One of my iTunes playlists.
While cancelling your Netflix or Hulu subscription will cut off access to movies and TV shows, that content isn't being picked and placed into playlists I use daily. Music is a different beast. Cancel Apple Music and your carefully curated music playlists - potentially years of working in the making - will be shot through with gaps from songs no longer accessible; I'm not comfortable with that.
Perhaps I just have a fear of commitment.
No doubt, my habits are different than those who like streaming services. When I find something I like, I still purchase CDs and rip them to my computer. But I transcode music using the Apple Lossless Format (ALAC), which promises to retain the full dynamic range of a song without muddying up the sound with compression that's inherent to most encoding formats -- even the ones offered by Apple on the iTunes Store.
Quality vs. quantity
Compression can produce smaller tracks -- which is good for downloading -- but it comes at the cost of sound quality. The more compressed a music file is, the more muddied and flat the track sounds. The trick is finding a balance between file size vs sound. Initially, the iTunes Music Store sold tracks with 128kbps encoding; that was doubled to 256kbps a few years later, where it remains. Spotify's premium service offers songs encoded using the Ogg Vorbis compression format at 320kps, theoretically offering higher sound quality due to the higher bitrate and less compression. Another service, Tidal, offers lossless music format for streaming; songs are encoded using FLAC at 1.4Mbps. (That premium plan, by the way, will cost $20 a month.)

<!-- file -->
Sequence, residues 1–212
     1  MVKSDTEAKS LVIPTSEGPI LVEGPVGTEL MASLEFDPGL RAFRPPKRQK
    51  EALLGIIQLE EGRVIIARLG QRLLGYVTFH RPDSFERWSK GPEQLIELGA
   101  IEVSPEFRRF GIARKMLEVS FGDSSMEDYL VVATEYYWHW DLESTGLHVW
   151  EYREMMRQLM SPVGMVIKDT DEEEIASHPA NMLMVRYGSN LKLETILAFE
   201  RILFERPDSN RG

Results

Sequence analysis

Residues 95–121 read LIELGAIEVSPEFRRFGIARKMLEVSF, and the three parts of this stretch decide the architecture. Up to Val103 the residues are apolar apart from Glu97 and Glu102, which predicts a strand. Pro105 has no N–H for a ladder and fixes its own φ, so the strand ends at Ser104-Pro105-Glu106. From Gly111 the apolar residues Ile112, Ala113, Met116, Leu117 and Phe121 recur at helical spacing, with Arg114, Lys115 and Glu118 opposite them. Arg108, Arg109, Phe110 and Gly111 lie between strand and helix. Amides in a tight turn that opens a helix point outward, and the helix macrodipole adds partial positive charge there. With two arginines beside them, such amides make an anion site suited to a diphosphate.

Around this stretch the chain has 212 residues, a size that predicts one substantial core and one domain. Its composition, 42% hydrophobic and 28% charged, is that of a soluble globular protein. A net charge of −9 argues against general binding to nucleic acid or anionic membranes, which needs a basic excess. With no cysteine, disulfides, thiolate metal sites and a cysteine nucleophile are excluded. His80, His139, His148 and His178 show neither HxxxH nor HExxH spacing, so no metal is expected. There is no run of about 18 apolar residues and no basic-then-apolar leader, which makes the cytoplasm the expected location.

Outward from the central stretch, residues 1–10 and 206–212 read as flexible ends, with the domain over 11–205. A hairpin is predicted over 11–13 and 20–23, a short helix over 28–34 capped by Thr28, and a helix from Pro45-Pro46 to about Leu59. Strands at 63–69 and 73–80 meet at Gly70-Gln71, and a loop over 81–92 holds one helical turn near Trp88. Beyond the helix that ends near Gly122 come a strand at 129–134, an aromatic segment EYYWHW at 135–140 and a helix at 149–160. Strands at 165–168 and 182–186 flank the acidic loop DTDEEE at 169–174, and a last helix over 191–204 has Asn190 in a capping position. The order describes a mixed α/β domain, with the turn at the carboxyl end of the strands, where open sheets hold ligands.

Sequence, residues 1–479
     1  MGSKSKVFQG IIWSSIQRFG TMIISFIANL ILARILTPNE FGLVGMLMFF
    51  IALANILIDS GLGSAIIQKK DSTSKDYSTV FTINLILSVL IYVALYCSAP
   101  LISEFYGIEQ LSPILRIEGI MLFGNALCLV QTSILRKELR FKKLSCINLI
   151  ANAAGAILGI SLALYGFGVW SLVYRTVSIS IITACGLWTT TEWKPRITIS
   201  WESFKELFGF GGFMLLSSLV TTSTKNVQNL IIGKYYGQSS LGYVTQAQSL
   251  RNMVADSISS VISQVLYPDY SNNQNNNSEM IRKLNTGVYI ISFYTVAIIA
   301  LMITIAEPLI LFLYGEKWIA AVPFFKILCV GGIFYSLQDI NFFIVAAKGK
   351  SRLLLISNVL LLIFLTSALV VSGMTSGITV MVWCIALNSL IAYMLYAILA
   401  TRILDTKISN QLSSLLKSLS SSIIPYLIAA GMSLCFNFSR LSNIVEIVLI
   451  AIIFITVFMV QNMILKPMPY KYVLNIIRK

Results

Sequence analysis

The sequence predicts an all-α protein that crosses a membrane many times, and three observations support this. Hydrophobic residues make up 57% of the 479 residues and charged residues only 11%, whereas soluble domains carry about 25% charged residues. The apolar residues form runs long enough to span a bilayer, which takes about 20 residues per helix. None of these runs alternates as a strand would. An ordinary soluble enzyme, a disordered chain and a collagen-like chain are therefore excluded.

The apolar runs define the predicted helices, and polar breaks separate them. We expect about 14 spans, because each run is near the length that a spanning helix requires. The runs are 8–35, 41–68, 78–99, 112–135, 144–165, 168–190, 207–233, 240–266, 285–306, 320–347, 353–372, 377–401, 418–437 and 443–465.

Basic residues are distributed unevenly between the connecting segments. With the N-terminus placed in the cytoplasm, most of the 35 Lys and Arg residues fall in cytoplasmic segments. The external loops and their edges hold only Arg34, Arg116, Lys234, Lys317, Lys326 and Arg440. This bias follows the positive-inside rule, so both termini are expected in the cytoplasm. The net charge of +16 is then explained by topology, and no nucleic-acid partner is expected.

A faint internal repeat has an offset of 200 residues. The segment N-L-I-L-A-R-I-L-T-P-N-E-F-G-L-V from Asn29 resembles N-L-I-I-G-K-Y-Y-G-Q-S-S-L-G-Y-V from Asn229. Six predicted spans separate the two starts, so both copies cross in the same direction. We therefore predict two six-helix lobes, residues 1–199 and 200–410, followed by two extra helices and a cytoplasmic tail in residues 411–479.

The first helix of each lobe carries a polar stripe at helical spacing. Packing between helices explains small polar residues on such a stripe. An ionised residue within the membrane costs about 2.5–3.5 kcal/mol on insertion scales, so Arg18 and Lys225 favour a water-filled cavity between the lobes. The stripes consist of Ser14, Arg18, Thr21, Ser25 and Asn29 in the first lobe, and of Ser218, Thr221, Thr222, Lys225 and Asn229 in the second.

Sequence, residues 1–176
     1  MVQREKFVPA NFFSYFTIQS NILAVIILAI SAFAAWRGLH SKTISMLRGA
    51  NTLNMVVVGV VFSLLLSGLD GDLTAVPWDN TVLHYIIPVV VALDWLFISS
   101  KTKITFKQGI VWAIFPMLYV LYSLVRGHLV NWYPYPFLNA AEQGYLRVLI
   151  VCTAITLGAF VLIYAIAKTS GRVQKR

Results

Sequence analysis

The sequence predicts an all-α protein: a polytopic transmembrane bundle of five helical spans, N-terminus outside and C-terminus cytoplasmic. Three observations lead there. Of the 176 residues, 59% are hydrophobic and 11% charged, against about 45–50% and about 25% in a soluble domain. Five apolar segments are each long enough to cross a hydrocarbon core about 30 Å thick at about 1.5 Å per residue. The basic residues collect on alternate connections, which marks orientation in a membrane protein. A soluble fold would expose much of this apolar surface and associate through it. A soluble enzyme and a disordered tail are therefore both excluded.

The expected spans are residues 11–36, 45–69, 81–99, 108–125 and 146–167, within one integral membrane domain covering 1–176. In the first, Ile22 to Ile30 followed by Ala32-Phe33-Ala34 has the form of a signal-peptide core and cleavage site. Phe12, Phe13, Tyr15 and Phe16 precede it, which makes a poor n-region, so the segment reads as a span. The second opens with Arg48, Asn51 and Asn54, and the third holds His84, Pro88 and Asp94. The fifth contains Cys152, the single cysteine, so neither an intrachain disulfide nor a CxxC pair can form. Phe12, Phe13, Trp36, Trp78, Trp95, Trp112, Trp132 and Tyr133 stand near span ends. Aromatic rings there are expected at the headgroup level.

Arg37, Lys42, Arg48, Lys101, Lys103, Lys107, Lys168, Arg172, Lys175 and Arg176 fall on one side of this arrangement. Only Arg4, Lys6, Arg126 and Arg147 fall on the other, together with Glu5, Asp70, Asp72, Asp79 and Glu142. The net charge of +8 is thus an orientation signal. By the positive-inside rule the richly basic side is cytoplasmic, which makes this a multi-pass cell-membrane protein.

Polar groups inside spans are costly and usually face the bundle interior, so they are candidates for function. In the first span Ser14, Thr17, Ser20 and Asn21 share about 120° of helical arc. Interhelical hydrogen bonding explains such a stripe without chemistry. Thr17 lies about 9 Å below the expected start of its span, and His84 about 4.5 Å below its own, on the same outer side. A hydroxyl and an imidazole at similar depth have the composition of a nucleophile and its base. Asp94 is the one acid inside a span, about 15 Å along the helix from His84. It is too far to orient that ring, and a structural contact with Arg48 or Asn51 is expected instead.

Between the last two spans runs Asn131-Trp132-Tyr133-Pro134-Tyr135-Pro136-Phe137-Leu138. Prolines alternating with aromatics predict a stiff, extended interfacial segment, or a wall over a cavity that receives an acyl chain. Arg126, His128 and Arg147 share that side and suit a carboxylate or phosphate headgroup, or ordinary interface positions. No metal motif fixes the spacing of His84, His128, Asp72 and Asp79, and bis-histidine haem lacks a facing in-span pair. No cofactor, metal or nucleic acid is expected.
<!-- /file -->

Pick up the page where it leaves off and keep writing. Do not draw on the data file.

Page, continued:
While many people are satisfied with the size/quality balance offered by streaming and digital-purchasing stores, I have been careful in recent years to make sure my music is kept in a lossless format to future-proof my library. I made this realization after seeing how quickly lower-resolution digital photos taken just a few years ago have held up, especially with the arrival of ultra high-resolution screens. I don't want something like that to happen with my music collection.
I always write with Dark Side of the Moon playing in the background. Credit: Michael deAgonia
If there were ever a higher-quality streaming option, such as the option for the aforementioned Apple Lossless Format, or something similar that isn't based on a heavily compressed format, I might be open to readdressing this issue, and perhaps even signing up. (I’m not interested in Tidal’s feature set and price points.) After all, the thought of accessing millions of titles is compelling, and not having to rip and store all of those tracks would free up a ton of storage space on my various computers, devices and hard drives.
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